Being a huge fan of this author's "Lewis" series, I couldn't wait to get my mitts on his new stand alone novel. While there are similarities, this is a very different read...part police procedural, part historical drama.
In the present we meet Detective Sime (pronounced "Sheem", gaelic for Simon) MacKenzie. He's part of a contingent en route to Entry Island to investigate the murder of the small community's richest man. Also on the team is Marie-Ange, his ex-wife.
The only witness to the attack is the dead man's wife, Kirsty Cowell. Could she also be the killer? Sime's role is as interrogator but he falters upon meeting the lovely young widow, still covered in her husband's blood. He's struck by the feeling they've met before, an impossibility as she's well known for never leaving the island. Her version of events casts her as the other victim of the assault but Sime's colleagues quickly consider her the prime suspect.
Maybe Sime's chronic insomnia is clouding his judgement. Exhausted & depressed by his failed marriage, his sleepless nights are broken only by short, vivid dreams of life as a poor crofter on the Isle of Lewis in the 1840's. What's strange is that he feels as if he's lived the events playing out in the dreams. What's stranger is the presence of Kirsty in every one.
As the team investigates the current murder, Sime has to deal with his fragile grip on reality, uncooperative locals, a heartbreaking discovery about his marriage & personal danger. He will have to finally face up to his past in order to make sense of the present if there's any hope of moving on in his personal & professional lives.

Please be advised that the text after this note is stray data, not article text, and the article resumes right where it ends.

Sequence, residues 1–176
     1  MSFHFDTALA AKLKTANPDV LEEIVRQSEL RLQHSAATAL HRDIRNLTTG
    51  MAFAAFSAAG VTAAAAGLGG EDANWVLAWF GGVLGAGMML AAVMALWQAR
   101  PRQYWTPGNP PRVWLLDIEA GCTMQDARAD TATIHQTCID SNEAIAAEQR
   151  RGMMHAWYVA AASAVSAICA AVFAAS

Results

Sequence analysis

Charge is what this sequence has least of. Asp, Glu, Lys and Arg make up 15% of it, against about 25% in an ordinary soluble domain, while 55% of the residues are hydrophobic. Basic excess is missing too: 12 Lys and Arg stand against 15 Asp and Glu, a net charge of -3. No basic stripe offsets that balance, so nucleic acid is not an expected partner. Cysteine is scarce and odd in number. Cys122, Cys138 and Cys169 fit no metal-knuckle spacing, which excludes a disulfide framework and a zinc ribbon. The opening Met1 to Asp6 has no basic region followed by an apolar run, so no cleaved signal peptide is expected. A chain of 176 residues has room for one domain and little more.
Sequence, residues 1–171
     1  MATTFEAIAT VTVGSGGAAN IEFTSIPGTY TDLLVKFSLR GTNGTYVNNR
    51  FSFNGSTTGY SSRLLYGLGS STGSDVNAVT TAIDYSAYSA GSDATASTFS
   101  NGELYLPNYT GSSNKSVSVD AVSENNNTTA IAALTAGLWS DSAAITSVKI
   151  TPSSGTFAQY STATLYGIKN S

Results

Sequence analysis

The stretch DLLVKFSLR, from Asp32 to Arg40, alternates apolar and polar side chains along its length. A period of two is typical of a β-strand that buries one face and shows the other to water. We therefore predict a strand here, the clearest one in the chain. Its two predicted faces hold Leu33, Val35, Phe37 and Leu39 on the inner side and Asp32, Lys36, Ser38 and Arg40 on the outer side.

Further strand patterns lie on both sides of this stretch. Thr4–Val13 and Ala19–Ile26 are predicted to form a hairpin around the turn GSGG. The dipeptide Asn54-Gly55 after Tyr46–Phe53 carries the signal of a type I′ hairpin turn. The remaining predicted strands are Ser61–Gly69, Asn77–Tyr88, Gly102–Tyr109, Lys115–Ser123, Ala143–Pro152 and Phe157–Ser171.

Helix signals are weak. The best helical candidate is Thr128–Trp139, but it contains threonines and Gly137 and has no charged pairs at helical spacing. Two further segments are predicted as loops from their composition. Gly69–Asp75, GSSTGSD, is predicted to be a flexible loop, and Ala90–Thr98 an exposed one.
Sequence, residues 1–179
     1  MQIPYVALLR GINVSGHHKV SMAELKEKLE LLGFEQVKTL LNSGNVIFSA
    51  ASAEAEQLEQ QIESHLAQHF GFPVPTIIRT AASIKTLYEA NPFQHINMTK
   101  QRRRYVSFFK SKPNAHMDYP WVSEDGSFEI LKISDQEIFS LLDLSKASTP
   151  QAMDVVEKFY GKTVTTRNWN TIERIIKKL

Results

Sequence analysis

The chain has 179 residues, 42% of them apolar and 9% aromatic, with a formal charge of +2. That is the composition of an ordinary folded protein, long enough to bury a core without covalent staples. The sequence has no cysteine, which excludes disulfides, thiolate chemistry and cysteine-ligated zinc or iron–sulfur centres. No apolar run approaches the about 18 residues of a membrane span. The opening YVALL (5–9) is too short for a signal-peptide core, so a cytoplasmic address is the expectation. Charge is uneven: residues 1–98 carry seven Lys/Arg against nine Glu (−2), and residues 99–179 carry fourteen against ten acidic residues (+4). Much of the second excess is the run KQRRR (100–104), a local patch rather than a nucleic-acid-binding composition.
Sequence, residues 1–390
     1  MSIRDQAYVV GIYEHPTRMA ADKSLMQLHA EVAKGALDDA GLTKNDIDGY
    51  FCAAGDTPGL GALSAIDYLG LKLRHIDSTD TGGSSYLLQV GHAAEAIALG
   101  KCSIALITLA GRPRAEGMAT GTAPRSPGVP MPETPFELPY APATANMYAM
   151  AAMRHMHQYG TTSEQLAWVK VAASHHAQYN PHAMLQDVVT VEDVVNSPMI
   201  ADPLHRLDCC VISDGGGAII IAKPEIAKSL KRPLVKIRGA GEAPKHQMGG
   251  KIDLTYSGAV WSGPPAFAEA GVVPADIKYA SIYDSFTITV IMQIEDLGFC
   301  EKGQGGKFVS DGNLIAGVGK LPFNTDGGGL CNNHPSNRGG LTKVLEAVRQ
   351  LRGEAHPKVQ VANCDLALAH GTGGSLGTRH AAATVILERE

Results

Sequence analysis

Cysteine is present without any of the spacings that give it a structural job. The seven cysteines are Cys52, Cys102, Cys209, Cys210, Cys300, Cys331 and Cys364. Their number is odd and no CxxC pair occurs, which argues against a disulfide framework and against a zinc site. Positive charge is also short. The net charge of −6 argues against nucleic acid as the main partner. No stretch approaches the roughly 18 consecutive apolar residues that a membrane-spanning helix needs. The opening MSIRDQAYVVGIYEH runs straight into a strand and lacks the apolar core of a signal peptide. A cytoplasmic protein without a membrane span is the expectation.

This is really two books. Chapters alternate between the murder case & a historical account of the first Sime, his several times great grandfather who was forced to immigrate to Canada during the Highland Clearances. Both are compelling due to this author's facility in creating characters you care about & evoking the atmosphere of a particular time & place.
In the present, Sime is portrayed as an intelligent & solitary man, bewildered by his inability to sustain any personal relationships. His acrimonious divorce causes discomfort in the department as he attempts to work with Marie-Ange who comes across as cold & bitter. His fatigue affects his performance & this is further hindered by a mysterious link to Kirsty. Long estranged from his sister & single again, all he has is his career but he's finding it hard to care anymore. He's a likeable & sympathetic character & I found myself wishing he could find a little joy in life, not to mention a long nap.
The historical saga is equally engrossing. You can almost feel the bitter cold & smell the smoke from the blackhouses as you follow the elder Sime from hard, tragic boyhood to Canadian settler. The author has obviously done their homework on the Clearances & subsequent flood of Scottish immigrants who built much of lower Quebec & the eastern provinces where you can still feel their cultural influence today. Particularly affecting are the passages describing Sime's voyage across the Atlantic as the reader is pulled into the story of the horrific conditions these people endured as they tried to live long enough to make it to the new world.
Inevitably both plot lines begin to mystically merge as Sime the detective investigates not only the murder but his own family tree. There are several good candidates as the killer & the eventual reveal may come as a surprise. It comes to a satisfying end although, as in real life, not everything is neatly resolved.
I highly recommend this book for fans of well written, thought provoking novels with a historical bent & a dash of romance. It's a compelling example of a great journey being just as enjoyable as reaching the destination.